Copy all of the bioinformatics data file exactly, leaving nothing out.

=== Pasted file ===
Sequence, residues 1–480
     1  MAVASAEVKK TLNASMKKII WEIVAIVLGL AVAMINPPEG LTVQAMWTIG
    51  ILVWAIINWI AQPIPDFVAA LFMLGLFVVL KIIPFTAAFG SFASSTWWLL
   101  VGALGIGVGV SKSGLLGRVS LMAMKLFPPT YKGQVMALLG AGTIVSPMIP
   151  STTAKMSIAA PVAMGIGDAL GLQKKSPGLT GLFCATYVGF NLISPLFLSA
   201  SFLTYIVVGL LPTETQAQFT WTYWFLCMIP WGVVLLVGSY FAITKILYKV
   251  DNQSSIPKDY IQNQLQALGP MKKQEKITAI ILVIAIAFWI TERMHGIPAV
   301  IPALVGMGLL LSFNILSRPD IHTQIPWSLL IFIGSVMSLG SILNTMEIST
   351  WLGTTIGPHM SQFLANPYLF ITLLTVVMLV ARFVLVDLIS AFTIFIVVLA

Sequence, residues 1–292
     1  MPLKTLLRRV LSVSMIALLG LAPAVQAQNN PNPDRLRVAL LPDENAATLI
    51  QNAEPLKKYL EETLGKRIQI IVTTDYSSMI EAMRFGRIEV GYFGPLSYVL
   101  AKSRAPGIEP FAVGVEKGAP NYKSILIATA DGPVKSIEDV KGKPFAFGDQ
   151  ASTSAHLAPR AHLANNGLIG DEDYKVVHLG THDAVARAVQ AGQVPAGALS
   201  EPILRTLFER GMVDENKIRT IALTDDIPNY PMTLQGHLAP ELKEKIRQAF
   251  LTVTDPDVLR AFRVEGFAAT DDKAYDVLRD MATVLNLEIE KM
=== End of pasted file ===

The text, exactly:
Sequence, residues 1–480
     1  MAVASAEVKK TLNASMKKII WEIVAIVLGL AVAMINPPEG LTVQAMWTIG
    51  ILVWAIINWI AQPIPDFVAA LFMLGLFVVL KIIPFTAAFG SFASSTWWLL
   101  VGALGIGVGV SKSGLLGRVS LMAMKLFPPT YKGQVMALLG AGTIVSPMIP
   151  STTAKMSIAA PVAMGIGDAL GLQKKSPGLT GLFCATYVGF NLISPLFLSA
   201  SFLTYIVVGL LPTETQAQFT WTYWFLCMIP WGVVLLVGSY FAITKILYKV
   251  DNQSSIPKDY IQNQLQALGP MKKQEKITAI ILVIAIAFWI TERMHGIPAV
   301  IPALVGMGLL LSFNILSRPD IHTQIPWSLL IFIGSVMSLG SILNTMEIST
   351  WLGTTIGPHM SQFLANPYLF ITLLTVVMLV ARFVLVDLIS AFTIFIVVLA

Sequence, residues 1–292
     1  MPLKTLLRRV LSVSMIALLG LAPAVQAQNN PNPDRLRVAL LPDENAATLI
    51  QNAEPLKKYL EETLGKRIQI IVTTDYSSMI EAMRFGRIEV GYFGPLSYVL
   101  AKSRAPGIEP FAVGVEKGAP NYKSILIATA DGPVKSIEDV KGKPFAFGDQ
   151  ASTSAHLAPR AHLANNGLIG DEDYKVVHLG THDAVARAVQ AGQVPAGALS
   201  EPILRTLFER GMVDENKIRT IALTDDIPNY PMTLQGHLAP ELKEKIRQAF
   251  LTVTDPDVLR AFRVEGFAAT DDKAYDVLRD MATVLNLEIE KM